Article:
In addition to this list, you may also want to consult our bug tracker at bugs.gnunet.org which lists about 190 more specific issues.

Thanks

This release was the work of many people. The following people contributed code and were thus easily identified: ng0, Christian Grothoff, Hartmut Goebel, Martin Schanzenbach, Devan Carpenter, Naomi Phillips and Julius Bünger.

12 May, 2019 03:53PM

May 11, 2019

unifont @ Savannah

Unifont 12.1.01 Released

11 May 2019 Unifont 12.1.01 is now available. Significant changes in this version include the Reiwa Japanese era glyph (U+32FF), which was the only addition made in the Unicode 12.1.0 release of 7 May 2019; Rebecca Bettencourt has contributed many Under ConScript Uniocde Registry (UCSUR) scripts; and David Corbett and Johnnie Weaver modified glyphs in two Plane 1 scripts. Full details are in the ChangeLog file.

Download this release at:

https://ftpmirror.gnu.org/unifont/unifont-12.1.01/

or if that fails,

https://ftp.gnu.org/gnu/unifont/unifont-12.1.01/

or, as a last resort,

ftp://ftp.gnu.org/gnu/unifont/unifont-12.1.01/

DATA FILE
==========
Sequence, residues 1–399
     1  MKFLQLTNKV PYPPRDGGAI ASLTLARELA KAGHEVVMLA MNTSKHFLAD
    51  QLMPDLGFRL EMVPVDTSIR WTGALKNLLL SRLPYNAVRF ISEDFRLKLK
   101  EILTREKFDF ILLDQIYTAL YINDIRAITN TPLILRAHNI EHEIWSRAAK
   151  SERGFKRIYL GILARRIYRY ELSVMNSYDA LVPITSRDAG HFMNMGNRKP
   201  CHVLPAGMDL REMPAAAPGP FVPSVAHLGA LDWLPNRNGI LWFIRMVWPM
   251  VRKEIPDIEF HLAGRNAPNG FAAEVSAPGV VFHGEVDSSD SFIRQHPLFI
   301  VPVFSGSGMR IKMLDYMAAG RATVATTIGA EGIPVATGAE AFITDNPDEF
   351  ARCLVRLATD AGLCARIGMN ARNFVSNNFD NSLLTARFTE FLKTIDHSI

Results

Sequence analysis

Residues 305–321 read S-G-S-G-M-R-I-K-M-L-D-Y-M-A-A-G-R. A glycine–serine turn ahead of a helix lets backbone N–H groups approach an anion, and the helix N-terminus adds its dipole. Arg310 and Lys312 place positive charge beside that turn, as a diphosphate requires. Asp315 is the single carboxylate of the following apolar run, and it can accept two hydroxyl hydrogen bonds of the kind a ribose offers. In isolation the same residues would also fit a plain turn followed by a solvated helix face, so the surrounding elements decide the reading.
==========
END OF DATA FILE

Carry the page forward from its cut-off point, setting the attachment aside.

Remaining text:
11 May, 2019 08:59PM by Paul Hardy

remotecontrol @ Savannah

May 10, 2019

FSF Blogs

GNU Guix 1.0.0 released

guix logo

On May 2, the GNU Guix project announced the release of version 1.0 of the Guix software manager. Since the project’s beginnings a little more than seven years ago, nearly 300 volunteers from all over the world have contributed more than 50,000 improvements. Guix now provides a huge collection of bit-reproducible free software packages consisting of close to 10,000 applications and libraries from a wide range of categories, including gaming, music production, video editing, programming, and specialized scientific software.

What distinguishes Guix from other free software distributions is that it is designed with reproducibility in mind. It builds packages in controlled environments to ensure that the results are bit for bit the same no matter when or where packages are built. This means that users can easily deploy the very same software environment or even the very same operating system, at different points in time or on different machines. Reproducibility provides strong assurances that are of fundamental value for security, for the use of software in computational science, and for user freedom.

guix scope